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En Marche! candidate Emmanuel Macron is favoured to become France’s next president. Reuters

Macron and Le Pen battle voter disdain as they square off for French presidency

The first round of voting in the French presidential election delivered a profound blow to the two parties that have dominated the country’s politics since the 1970s. Together, the centre-right Republicans and the centre-left Socialists obtained only 26% of the vote, down from nearly 56% in the first round of the 2012 election. Two political movements – National Front and En Marche! – have forced them off stage.

What we learnt from the first round

National Front has existed since the early 1970s. But its current leader, Marine Le Pen, has successfully overcome its marginal, extremist profile. She distanced it from the nationalistic, far-right-wing ideology of her father, Jean-Marie Le Pen.

Her share of the vote (21.3%, or more than 7.6 million votes) is the party’s best-ever presidential election result. It is the culmination of its significant advance over the last three years.

Facing Le Pen in the second round will be the much more recently formed movement En Marche!, which has coalesced around independent candidate Emmanuel Macron.

After serving as finance minister in a Socialist government, Macron resigned in 2016 out of frustration at the party’s inability to bring about the liberal deregulation of the labour market he deemed necessary. His win in the first round of voting is proof of a radically new element in French politics: unconditional liberalism.

Economic liberalism has traditionally been presented in France as an unavoidable necessity, not a good in itself. Macron, however, is motivated by an optimistic belief in the capacity of economic freedom to deliver benefits for society as a whole.

Both Le Pen and Macron have gained from the very deep disaffection of the French electorate with its traditional political representatives. 29% of the French people are now either disgusted with politics or indifferent to it. This goes back to the 2005 decision to ignore the rejection of the European Union’s proposed constitution at a referendum.

The failure of two successive presidents, Republican Nicolas Sarkozy and Socialist François Hollande, to manage the impact of the global financial crisis over the Eurozone and balance Germany’s harsh austerity stance has only deepened the rift.

Combined with terrorist attacks in recent years, France’s loss of influence over EU policy has cemented the perception that its politicians no longer know how to lead and protect the country’s interests. The “fake jobs” accusations that engulfed Republican candidate François Fillon – coming after a former Socialist minister was jailed for tax fraud – only added to the notion that French politicians are self-serving.

Front National’s rise is a symptom of the failure to properly tackle the underlying causes of Europe’s economic stagnation – in particular to reassess the Franco-German partnership, a cornerstone of French policy since the 1963 Élysée Treaty. This failure affects both mainstream parties. But it has been most damaging for the Socialists, historically the EU’s greatest champion.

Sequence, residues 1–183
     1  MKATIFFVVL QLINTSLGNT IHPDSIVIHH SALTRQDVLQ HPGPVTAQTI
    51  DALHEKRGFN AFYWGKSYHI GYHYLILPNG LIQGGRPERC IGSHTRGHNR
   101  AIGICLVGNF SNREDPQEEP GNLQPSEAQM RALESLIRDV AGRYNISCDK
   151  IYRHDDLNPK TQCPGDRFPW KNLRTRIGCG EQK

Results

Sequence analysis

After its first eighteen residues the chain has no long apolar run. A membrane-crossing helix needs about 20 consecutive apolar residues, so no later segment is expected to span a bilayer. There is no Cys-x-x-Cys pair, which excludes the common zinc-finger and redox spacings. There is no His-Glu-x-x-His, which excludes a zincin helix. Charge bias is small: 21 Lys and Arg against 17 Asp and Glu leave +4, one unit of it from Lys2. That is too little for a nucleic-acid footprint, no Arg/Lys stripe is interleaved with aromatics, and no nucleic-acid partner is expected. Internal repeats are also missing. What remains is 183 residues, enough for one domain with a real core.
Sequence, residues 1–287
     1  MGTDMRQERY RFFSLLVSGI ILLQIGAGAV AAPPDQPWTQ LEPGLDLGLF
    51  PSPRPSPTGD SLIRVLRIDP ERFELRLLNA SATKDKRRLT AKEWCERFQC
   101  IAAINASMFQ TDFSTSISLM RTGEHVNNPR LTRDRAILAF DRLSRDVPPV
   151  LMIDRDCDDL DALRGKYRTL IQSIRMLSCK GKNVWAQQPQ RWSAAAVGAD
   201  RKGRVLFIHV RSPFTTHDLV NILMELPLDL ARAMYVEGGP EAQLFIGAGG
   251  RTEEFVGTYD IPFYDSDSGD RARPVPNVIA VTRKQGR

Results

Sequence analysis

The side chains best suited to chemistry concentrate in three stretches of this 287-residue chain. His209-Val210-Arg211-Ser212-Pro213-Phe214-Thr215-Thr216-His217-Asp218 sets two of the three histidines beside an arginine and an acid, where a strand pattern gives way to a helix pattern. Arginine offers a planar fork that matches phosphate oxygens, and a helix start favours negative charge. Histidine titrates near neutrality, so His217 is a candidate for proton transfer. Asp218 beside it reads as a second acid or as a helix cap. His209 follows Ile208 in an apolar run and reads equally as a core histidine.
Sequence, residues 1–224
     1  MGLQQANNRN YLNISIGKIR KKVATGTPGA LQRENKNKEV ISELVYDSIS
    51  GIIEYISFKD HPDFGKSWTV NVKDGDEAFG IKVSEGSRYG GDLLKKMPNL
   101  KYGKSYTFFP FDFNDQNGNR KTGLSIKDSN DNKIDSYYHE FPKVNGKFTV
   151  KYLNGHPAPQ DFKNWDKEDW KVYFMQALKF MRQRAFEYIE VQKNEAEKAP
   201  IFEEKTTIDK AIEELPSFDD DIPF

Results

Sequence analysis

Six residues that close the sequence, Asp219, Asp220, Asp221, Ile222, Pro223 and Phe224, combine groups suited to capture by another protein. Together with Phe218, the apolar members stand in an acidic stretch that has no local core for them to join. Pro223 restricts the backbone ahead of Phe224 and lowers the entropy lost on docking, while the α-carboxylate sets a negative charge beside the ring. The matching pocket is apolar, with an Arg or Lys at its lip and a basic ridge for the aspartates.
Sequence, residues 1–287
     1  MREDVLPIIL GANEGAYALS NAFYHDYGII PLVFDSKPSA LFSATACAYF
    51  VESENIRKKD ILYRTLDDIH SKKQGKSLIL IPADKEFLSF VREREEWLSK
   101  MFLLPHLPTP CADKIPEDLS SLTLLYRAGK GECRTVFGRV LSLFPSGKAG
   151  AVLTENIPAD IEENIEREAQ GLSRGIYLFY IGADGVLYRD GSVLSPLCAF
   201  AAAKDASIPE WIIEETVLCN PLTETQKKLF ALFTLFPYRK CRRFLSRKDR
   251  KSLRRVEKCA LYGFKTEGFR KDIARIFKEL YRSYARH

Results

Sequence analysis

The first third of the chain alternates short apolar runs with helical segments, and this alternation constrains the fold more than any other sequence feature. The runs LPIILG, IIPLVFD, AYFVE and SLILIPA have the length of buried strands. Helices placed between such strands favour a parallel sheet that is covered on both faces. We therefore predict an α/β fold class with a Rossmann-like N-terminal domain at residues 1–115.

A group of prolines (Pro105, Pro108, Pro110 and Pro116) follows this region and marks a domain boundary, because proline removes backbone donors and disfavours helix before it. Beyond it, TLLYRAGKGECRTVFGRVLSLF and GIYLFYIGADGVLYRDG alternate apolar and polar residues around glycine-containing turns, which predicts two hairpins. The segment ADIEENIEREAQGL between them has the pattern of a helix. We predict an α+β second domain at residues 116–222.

Just like the Dutch labour alliance before it, the Socialists have been severely punished for not tackling growing inequality. They received their worst result since 1969, with fewer than 6.4% of the votes.

What to look for ahead of the second round

The contest between Macron and Le Pen reveals two opposing sides of French society. Macron appeals to those sectors of society connected (or hoping to be connected) to the greater European and global market. Le Pen speaks for those relegated to badly serviced semi-rural areas and fearful for the future.

Both candidates now face the same challenges: translating their success in the first round into a majority in the second round, and then securing a majority in the June legislative election.

Macron will likely benefit from the kind of bipartisan “Republican alliance” that defeated Jean-Marie Le Pen in the 2002 presidential election. But there is still a lot of uncertainty with respect to the supporters of eurocritical left-wing candidate Jean-Luc Mélenchon.

These voters may abstain or vote blank. This may deprive Macron of votes he can ill afford to lose. He only secured the support of 18% of the overall electorate if you count those who did not vote in the first round.

Macron’s triumphalist celebration of his first-round success angered many French people due to its insensitivity, reminiscent of Sarkozy. It also demonstrated no awareness of the fragility of his support base.

Macron’s statement that he would like to push through more radical reform of France’s labour law through a government ordonnance – which does not require prior parliamentary discussion – is bound to be met with high levels of voter opposition, similar to last year’s El Khomry law.

If he insists on the idea, he may well be forced to co-habit with an unco-operative, if not outright hostile, assembly. This would spell political paralysis, with no prospect of the underlying issues being resolved.

Such a scenario would only serve Le Pen’s original plan: to win in 2022.

With the near disintegration of the Socialist Party, the strong late surge of Mélenchon’s movement – especially among young voters – Le Pen may yet face a new adversary: left-wing populism.

To be any chance of success, Macron must take voters’ concerns seriously and debate them democratically, rather than dismiss them. This is what the media and the establishment parties have also been doing – and this created the problem in the first place.

If Macron doesn’t do this, France runs the risk of a contest of populisms in five years’ time. But this may perhaps be what France needs to tackle its social divisions.

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